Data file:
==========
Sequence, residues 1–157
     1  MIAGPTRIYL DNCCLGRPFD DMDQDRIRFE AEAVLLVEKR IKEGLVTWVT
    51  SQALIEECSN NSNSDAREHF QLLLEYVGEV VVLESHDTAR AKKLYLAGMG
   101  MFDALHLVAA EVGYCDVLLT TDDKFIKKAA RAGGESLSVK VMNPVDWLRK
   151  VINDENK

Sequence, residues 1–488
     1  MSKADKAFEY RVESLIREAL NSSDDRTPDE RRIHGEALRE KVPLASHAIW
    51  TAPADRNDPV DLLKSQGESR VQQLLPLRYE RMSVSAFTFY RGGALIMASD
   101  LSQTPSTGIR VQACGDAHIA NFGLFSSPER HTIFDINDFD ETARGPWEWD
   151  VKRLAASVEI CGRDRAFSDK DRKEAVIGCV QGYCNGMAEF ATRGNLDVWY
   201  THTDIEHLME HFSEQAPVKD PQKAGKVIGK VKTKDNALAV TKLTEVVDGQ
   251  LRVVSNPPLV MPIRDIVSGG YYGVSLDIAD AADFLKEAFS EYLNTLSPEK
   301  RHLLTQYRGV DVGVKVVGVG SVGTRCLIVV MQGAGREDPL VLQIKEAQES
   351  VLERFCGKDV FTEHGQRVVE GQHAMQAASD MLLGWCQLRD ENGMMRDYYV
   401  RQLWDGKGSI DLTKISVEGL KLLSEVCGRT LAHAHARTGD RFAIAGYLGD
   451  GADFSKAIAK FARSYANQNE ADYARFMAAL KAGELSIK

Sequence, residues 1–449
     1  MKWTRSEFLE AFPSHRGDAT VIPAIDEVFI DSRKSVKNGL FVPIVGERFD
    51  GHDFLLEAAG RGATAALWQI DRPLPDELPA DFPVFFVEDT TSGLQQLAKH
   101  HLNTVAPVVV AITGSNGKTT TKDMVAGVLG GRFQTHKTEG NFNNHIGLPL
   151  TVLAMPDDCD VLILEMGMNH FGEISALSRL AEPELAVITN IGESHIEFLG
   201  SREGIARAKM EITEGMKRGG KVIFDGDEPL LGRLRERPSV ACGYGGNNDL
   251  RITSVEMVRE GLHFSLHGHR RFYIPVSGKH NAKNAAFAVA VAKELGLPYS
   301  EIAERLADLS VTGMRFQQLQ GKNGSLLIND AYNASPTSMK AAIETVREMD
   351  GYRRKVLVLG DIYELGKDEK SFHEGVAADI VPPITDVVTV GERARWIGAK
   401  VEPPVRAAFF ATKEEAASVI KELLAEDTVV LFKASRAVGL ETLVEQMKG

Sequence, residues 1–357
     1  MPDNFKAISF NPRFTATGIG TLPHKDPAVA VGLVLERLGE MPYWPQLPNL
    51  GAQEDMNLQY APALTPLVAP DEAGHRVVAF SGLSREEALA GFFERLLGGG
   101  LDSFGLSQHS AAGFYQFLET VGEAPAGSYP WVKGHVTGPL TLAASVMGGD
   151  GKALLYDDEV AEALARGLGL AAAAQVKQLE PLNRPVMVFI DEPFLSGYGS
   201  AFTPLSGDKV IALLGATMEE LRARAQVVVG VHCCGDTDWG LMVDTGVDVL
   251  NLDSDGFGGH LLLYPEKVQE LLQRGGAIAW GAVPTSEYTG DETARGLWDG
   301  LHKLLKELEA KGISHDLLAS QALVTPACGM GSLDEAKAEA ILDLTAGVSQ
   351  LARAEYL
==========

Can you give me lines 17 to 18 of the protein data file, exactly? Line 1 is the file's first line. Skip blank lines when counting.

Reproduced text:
Sequence, residues 1–449
     1  MKWTRSEFLE AFPSHRGDAT VIPAIDEVFI DSRKSVKNGL FVPIVGERFD